A recent article by the British Broadcasting Corporation (BBC) is advocating for radical “individual and systems” alterations in human activities and behaviors as necessary to avoid crisis-level climate change between now and 2030. (“What a 1.5C lifestyle actually looks like,” 4 May 2023.)
Among the proscriptions advanced by the BBC? Forget owning a car, including an EV. Instead, look to smart cities, scooters, and drones.
Travel less, via “substantial reduction in flying.”
Forget eating meat, of course. And dairy.
Any appliance, even phones and computers, might be metered and limited.
And yes, the overarching theme of the article? Degrowth.
The Degrowth Agenda Continues to Emerge in Real World Policies Undercutting Freedoms of Average Humanity
After detailing how people will need to be led, via their own personal lifestyle changes, and government dictates (euphemistically termed “systems” change), to give up their mobility, their rights to eat foods they enjoy and find healthful, and their rights to live where and in what settings they prefer, the article makes a full-blown case for defacto Degrowth.
It quotes several climate “experts” pushing a Degrowth agenda, including Lucas Chancel, an economist at the Paris School of Economics.
The article has this passage concerning Chancel’s thoughts on overconsumption:
And then there are our other types of consumption. “[A low-carbon world] is a world where overall we consume less of ‘stuff’,” says Chancel. We might consume more cultural experiences (think festivals, theatre trips, or dance classes), but “in terms of stuff, whatever has a weight, whatever is produced with matter and with energy, we consume less of that”, he says.
Lewis Akenji, managing director of the Hot or Cool Institute, meanwhile, relates how the consumption costs of travel must be addressed via reductions:
“While people would still travel for holidays, meanwhile, they would generally become more local, more deliberate, and less consumptive. Quite often the things that we consider holidays are more just opportunities for consumption – and they do not necessarily improve our wellbeing. What really improves our well being is getting off the work mindset for a bit to recharge, engaging with communities and people that you love, or discovering other things you do not typically do not engage with.”
Akenji advocated for dystopian-level social and governmental efforts to instill desired behavioral changes to induce a world of degrowth. As the article described his recommendations:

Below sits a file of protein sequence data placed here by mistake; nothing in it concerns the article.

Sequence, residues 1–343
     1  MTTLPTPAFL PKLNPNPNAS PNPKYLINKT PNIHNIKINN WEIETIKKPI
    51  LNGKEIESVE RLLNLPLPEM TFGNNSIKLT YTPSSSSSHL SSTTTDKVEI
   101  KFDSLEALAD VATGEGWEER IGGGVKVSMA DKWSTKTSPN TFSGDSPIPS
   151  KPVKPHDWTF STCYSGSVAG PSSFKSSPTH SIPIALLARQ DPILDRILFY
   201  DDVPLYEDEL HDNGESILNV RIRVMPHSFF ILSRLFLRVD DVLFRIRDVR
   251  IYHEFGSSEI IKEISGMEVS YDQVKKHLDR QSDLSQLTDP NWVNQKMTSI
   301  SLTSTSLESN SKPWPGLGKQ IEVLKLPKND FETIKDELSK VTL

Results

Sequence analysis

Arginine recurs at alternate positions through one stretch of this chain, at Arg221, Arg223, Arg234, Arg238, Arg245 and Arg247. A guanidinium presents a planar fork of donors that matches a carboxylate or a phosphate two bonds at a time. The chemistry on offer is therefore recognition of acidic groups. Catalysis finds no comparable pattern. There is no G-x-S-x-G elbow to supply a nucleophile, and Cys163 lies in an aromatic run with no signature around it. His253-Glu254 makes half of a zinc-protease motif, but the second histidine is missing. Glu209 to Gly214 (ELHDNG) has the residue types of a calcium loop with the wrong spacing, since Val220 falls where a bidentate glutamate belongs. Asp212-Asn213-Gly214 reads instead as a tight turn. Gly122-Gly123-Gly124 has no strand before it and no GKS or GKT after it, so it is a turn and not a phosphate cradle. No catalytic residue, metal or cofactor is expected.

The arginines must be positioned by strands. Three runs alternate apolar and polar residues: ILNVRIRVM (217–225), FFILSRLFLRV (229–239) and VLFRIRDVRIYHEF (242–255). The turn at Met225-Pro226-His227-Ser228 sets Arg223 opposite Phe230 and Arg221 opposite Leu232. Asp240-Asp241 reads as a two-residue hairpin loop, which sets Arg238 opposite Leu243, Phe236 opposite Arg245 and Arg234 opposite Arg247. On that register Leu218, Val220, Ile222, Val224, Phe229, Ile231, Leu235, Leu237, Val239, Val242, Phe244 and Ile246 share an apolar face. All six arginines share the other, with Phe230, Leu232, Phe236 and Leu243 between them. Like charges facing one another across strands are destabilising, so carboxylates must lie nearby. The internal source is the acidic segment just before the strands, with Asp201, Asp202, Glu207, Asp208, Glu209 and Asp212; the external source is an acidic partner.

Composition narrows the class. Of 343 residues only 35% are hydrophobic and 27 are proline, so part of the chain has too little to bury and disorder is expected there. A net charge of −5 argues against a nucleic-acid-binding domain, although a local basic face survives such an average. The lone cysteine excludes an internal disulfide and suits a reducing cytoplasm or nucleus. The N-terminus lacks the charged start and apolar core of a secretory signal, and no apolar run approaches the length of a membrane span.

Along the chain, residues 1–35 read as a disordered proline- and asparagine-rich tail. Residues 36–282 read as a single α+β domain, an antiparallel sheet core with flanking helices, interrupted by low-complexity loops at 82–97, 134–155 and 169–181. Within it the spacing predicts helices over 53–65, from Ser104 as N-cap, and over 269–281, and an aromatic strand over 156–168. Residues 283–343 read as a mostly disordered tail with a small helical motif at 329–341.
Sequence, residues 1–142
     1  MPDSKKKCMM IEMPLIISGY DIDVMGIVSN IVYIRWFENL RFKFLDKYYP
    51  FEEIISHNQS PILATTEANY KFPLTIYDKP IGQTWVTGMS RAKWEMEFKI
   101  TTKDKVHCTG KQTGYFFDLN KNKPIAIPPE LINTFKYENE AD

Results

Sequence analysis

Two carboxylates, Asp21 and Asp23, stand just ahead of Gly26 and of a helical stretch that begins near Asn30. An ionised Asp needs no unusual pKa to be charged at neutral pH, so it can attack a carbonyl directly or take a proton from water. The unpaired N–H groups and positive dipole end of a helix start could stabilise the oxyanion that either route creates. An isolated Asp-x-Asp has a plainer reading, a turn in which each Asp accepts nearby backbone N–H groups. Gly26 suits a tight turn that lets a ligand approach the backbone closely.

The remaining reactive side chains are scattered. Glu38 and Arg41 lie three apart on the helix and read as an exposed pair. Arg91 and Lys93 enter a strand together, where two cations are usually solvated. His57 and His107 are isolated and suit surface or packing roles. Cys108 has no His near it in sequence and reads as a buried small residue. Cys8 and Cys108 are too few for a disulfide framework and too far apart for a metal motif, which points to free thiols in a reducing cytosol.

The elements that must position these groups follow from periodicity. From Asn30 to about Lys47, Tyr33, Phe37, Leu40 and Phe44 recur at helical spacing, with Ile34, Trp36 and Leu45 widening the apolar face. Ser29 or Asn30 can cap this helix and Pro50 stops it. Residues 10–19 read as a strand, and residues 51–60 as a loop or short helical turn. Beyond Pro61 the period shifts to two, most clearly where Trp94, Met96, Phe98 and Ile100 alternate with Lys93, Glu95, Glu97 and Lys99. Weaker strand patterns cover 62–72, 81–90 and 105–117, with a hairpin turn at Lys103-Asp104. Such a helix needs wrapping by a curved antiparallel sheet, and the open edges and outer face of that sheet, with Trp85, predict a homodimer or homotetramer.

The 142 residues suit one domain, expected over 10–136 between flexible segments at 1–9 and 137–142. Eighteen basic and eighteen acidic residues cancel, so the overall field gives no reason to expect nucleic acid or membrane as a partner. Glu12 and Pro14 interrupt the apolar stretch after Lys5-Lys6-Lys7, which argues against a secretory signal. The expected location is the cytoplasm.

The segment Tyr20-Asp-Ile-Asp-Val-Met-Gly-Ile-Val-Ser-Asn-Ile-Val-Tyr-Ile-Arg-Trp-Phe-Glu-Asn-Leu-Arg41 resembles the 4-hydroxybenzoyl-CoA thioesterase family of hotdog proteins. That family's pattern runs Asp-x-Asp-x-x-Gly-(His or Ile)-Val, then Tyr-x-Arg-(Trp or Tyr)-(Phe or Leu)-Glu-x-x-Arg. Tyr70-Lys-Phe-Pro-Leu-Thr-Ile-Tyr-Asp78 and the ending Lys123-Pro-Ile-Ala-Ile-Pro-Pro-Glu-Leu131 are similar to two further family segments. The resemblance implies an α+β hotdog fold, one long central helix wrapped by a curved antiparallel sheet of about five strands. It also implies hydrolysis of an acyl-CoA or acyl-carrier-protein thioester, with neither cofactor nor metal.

“‘[We need] both individual and systems change,’ says Akenji: government policy, societal preferences, and consumer behaviour can all influence each other.”
Al Gore’s visions concerning urban makeovers into smart cities where people would have no need for cars, and undue traveling or material consumption, are also covered.
The article signals how radical activists who are increasingly open about pushing Degrowth policies as a solution to climate change “crisis,” are setting the stage to box humans into urban confines, complete with travel and eating restrictions, and even limits on leaving residences.
Concerning work, it posits restrictions that people allowed authorities to impose during the COVID War to become permanent impositions to fight the Carbon War:
“Work itself may also change in a low-carbon world. Work contracts could look different than todays, with an increasing focus on working from home and shorter and more flexible hours. Still, there would be plenty of work to do in a low-carbon world – one recent report estimated the shift to a green economy could create 18 million jobs.”
The article wind-up predictably quotes a true believer, low-carbon lifestyle liver Rosalind Readhead, and her personal “idyllic” vision for how the world might join her pursuits:
“You can meditate, be in nature, just stop doing things and absorb the world, smell flowers, go foraging, art, walking, cycling, gardening. Listening or playing acoustic music, singing, dancing, all the things we did as kids: these are things that we had a great love of.”
Earlier, the article does manage to point out that, by far, the world’s largest carbon footprints belong to the top 1 and 10 percent of the world’s per capita richest:
But its proscriptions curiously neglect focusing on those 1 percenters, who create more carbon emissions than all other groups combined.
In fact, carbon goals so favored by many of the world’s elites could essentially be accomplished if they themselves brought their own carbon emissions down to the level of the “middle 40 percent,” as the chart above clearly shows.
So. What’s the chance of those elites giving up their private jets, gaudy lifestyles and far-flung enterprises, to get on board with that kind of “individual and systems” change? Net Zero.
Then, there’s another way of looking at carbon emissions in absolute terms, based on which countries are creating the most overall emissions. That kind of graph wasn’t included in the BBC piece, but that kind of graph shows that China and India produce more emissions than the U.S. and the rest of the developed world combined, as The Trends Journal noted in “HOW CHINA MAKES OTHERS PAY FOR CLIMATE COSTS” (22 Nov 2022).
The BBC article can be read here.
For related reading, see:
● “HIDING IN PLAIN SIGHT: THE DEGROWTH AGENDA CRUSHING CONSUMER DEMAND” (25 Apr 2023)
● “COP27: 30 YEARS OF DUBIOUS CLIMATE ‘SUCCESS’” (8 Nov 2022)
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